I am starting this year with basic questions for myself, what's happening? This: a “better set up" office (which was OK before, too) plus a plan to learn additional new professional skills to present my ideas and visions (that’s the techy stuff).
And, I’m reintroducing some basics on “Design Sense”, too:
The Most Basic Question: Nearly every day, Someone talks to me about being his/her own Designer. Will it save money to do that? Why?
In the long run, if "time is money" (and for most everyone it is, one way or another), a Designer should at least pay for him (her) self. That means that if you add up the hours and dollars spent on a pro compared to the number of hours and you would need to do it yourself, you should (at least) break even. I also understand that working with a “well-publicized” Designer will add up to more by a little or a lot. But, although that will not accessible to everyone at the costlier level, we all want to be somewhere that feels “done” and “feels like home”. Projects are harder than they look. That can mean for a studio apartment, a family home, a country estate or, perhaps an office because we do spend so much of our time there
All parts of the process of creating a home should seem sensible. I don't like to hear questions from clients and friends about "lingo" and elements that seem confusing. This talk mostly comes from retailers and vendors who provide the "end service/products" and want to feel separate from the consumer. How things can/should work together or fit together is another element that might also require Authentic Professional Advice, even though most of this information and data isn't secret and should be explained patiently to the buyer. The saddest for me to hear is that someone made a decision for themselves that they hate and are now sorry for. Plus, there’s probably additional frustration and because it cost lots of money, and they didn’t save anything by doing alone when they added up the numbers.
There are many, many ways to shop for and mix items, construct and repair as "Do It Yourself", but Designers (and Decorators and knowledgeable sales people) have an important place in helping take vague concepts (or no concepts) to awesome fruition. Budget matters, time tables set limits (although I think this only complicates top results), and level of interest matters. If you are not interested in putting your own time into your project and then assemble a team, hire a boss for you team instead. Let the designer (or whomever) assemble it. That will be so well worth it.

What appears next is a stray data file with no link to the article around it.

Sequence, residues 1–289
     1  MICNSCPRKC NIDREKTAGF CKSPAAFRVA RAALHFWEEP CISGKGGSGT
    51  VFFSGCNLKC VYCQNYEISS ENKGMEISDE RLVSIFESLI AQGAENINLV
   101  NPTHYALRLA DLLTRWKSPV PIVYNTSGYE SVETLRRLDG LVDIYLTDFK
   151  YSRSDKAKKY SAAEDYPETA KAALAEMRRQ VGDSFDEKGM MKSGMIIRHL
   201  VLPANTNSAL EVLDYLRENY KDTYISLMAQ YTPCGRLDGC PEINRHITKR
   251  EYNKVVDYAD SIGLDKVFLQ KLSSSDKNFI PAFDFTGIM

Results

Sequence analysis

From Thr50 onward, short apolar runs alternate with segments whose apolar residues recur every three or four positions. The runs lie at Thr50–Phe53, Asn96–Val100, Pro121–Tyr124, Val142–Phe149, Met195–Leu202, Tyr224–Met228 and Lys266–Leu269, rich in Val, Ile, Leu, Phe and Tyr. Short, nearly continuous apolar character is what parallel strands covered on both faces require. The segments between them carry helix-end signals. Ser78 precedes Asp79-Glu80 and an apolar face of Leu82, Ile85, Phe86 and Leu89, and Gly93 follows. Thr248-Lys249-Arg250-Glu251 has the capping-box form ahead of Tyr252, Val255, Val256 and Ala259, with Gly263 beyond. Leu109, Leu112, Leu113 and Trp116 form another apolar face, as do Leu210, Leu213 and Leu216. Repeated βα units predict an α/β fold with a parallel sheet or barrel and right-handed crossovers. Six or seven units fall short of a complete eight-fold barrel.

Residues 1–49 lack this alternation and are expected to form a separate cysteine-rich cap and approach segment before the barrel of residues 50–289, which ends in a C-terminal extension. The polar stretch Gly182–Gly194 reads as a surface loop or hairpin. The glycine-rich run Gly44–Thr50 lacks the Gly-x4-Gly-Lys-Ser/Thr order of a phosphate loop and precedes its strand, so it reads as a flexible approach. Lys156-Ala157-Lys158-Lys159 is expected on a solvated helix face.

A Designer should help you at whatever price level you agree on. There are professionals that offer services at all budget levels.
After tackling some general and a number of specific topics in my blog, here's my intent for 2017:
I want to offer information to those interested in Design -- mostly interiors, but also architecture and other design specialties. I'm hope to remove some of the mystique from my industry, yet seriously explain the place of Interior Design as a profession.
Architecture and construction add many more "angles/point of view" to the Design "heading" for this Blog, as does office planning.
Plus… there is an opportunity to delve more into the historical element of Design in this First City of Architecture … and that opens to so many topics.
Questions? Ask me, OK? and I will follow up! Let's look for answers!
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